Walking in El Hierro
El Hierro, like all the Canaries, is a volcanic island. It is a steep island; the highest point is just over 5000 feet but less than three miles from both the north and south coasts. There are a few villages (La Caleta and Restinga, for example) and one town (Frontera) at or close to sea level but the rest of the settlements are between 2000 and 3500 feet above sea level.
The steepness of the island and its position in the Atlantic mean that moist air blown in from the sea is forced up over the island where it condenses into mist. This can be a very localised phenomenon – one place can be in bright sun and somewhere half a mile away can be in mist. The mist moves rapidly and unpredictably, varying with the wind direction and time of day. El Hierro felt colder than the other Canaries – the cottage we rented had, and needed (in January), a wood burner and a de-humidifier. It would be warmer at sea level, of course.
Because of this moisture, the island is very green – except for the areas of picon and lava which do not support plant life. The central plateau has areas with fields and drystone walls that look remarkably like the Yorkshire Dales. But there are areas of cultivation, groves of almond trees, canarian pine forests and laurel forests. The highest peaks are bare gravel.
Tourism has not, really, reached El Hierro. Among the good things are almost empty (but mostly good) roads, a clean environment and almost total peace. No aircraft routes overfly the island and there is no industry apart from some quarries. But there seems a dearth of restaurants and bars with few offering terraces or outdoor areas. The cuisine is almost exclusively Canarian/Spanish. There is a reasonable supermarket on the southern edge of the town of Valverde but most of the villages just have a small grocery shop which keeps short hours. There is a tourist office in Valverde which we didn't actually find during our visit, although we looked!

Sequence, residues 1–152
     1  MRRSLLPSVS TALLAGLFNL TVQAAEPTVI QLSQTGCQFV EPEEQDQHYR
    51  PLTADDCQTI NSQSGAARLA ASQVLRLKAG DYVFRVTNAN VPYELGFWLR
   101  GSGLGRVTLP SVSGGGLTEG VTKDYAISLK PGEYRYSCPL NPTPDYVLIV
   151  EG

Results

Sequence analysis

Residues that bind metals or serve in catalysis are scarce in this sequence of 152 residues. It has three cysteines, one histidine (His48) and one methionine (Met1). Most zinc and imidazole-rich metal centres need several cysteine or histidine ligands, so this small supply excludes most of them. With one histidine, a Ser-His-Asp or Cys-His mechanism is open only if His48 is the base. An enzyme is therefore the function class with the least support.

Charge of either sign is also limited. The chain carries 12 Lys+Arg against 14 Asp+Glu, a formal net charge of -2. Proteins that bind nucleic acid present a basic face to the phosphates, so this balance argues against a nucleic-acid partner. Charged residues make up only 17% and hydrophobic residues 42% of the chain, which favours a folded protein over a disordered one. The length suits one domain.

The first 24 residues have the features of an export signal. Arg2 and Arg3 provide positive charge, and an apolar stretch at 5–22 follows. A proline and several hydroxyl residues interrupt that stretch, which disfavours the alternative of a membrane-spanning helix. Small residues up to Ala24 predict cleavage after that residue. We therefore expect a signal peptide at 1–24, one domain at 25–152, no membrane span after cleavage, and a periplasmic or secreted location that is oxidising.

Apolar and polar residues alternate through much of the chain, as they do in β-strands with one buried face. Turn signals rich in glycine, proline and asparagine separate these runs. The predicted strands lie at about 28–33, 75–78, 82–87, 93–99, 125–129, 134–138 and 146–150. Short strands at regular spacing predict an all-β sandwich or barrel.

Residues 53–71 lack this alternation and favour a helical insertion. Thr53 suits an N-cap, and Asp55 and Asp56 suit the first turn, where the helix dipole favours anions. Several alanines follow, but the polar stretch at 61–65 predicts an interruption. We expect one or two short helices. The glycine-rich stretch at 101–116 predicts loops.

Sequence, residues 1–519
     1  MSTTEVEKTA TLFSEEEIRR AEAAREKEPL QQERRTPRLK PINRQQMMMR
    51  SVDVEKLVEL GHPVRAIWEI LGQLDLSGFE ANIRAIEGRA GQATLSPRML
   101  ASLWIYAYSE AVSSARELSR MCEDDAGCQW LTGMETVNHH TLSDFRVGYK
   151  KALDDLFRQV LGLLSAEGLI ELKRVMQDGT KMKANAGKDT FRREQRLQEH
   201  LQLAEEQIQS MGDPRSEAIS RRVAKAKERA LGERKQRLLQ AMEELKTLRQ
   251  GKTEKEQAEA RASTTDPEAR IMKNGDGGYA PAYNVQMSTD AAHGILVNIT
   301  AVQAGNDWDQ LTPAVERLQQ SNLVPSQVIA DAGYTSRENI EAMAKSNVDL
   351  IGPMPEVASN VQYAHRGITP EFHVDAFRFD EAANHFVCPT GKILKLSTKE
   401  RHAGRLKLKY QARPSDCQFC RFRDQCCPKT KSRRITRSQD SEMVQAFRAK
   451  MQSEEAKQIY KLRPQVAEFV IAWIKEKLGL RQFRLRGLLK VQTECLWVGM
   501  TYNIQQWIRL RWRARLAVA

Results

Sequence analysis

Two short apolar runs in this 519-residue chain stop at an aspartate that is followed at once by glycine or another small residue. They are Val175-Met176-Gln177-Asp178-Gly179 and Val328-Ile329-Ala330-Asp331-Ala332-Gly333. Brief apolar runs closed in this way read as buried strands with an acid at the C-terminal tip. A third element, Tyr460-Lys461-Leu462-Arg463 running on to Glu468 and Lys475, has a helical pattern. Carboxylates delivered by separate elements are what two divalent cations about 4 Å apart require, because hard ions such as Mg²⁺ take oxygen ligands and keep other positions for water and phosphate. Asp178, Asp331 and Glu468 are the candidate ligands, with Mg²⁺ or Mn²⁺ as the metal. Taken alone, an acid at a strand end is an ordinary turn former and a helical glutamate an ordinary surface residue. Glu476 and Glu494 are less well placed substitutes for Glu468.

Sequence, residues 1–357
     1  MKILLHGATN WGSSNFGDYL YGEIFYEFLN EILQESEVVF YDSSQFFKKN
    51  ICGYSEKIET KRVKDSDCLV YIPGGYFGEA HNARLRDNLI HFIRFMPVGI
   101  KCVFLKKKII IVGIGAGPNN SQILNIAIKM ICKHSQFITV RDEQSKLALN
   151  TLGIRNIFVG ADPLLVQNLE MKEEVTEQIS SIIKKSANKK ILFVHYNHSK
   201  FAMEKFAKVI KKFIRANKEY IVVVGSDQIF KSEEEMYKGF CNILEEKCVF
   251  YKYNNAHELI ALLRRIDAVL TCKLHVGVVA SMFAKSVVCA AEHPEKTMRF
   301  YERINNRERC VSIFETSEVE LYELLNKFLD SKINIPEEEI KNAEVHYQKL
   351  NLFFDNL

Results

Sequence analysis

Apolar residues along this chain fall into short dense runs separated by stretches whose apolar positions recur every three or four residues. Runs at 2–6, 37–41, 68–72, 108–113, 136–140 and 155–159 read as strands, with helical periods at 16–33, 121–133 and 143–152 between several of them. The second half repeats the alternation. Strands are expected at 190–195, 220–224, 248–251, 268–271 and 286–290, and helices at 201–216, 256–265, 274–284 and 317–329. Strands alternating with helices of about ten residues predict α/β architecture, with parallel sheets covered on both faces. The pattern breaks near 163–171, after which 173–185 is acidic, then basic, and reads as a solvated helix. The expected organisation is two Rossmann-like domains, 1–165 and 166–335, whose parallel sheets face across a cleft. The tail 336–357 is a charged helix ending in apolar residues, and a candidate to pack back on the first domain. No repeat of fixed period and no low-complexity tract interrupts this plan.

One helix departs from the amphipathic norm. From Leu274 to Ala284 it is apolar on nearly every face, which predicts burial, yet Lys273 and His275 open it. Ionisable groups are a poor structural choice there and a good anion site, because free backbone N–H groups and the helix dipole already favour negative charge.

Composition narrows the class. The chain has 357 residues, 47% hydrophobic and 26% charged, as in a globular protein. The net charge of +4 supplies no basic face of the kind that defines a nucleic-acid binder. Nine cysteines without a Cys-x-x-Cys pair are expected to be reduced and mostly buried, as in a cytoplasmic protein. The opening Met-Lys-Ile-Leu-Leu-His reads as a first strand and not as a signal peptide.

There are several bus routes on the island but they seem designed for the locals and their schoolchildren and there are, at most, four buses a day on any route, only one of which is after lunchtime.
One of the main routes and several of the minor ones are on unsurfaced roads. Check the insurance with your hire car but you will, almost certainly, not be covered on these roads.
The central plateau has masses of wild flowers but there are cacti and other succulents on the rocky areas. We saw many butterflies and birds, too, including a lot of kestrels.
The cliffs surrounding the island have a number of viewpoints (‘miradors’) which have spectacular views. Those of Las Playas, Jinama and Pena are not to be missed but several paths follow the cliff edges and have great views throughout their length. You don’t have to get that close to the edge so vertigo sufferers need not avoid the island!
From many places – on a clear day – you can see other islands: Tenerife, La Gomera and La Palma.
Don’t come to El Hierro unless you are prepared to climb at least a couple of thousand feet in a day’s walking. Even the central plateau slopes and it is surrounded by very steep cliffs.
There is a good network of waymarked walks. The GR131 runs from one end of the island to the other and there are about a dozen PR routes that criss-cross the island. All of these have conventional marks – red and white for the GR131, yellow and white for the PRs - with good signposts at most of the junctions.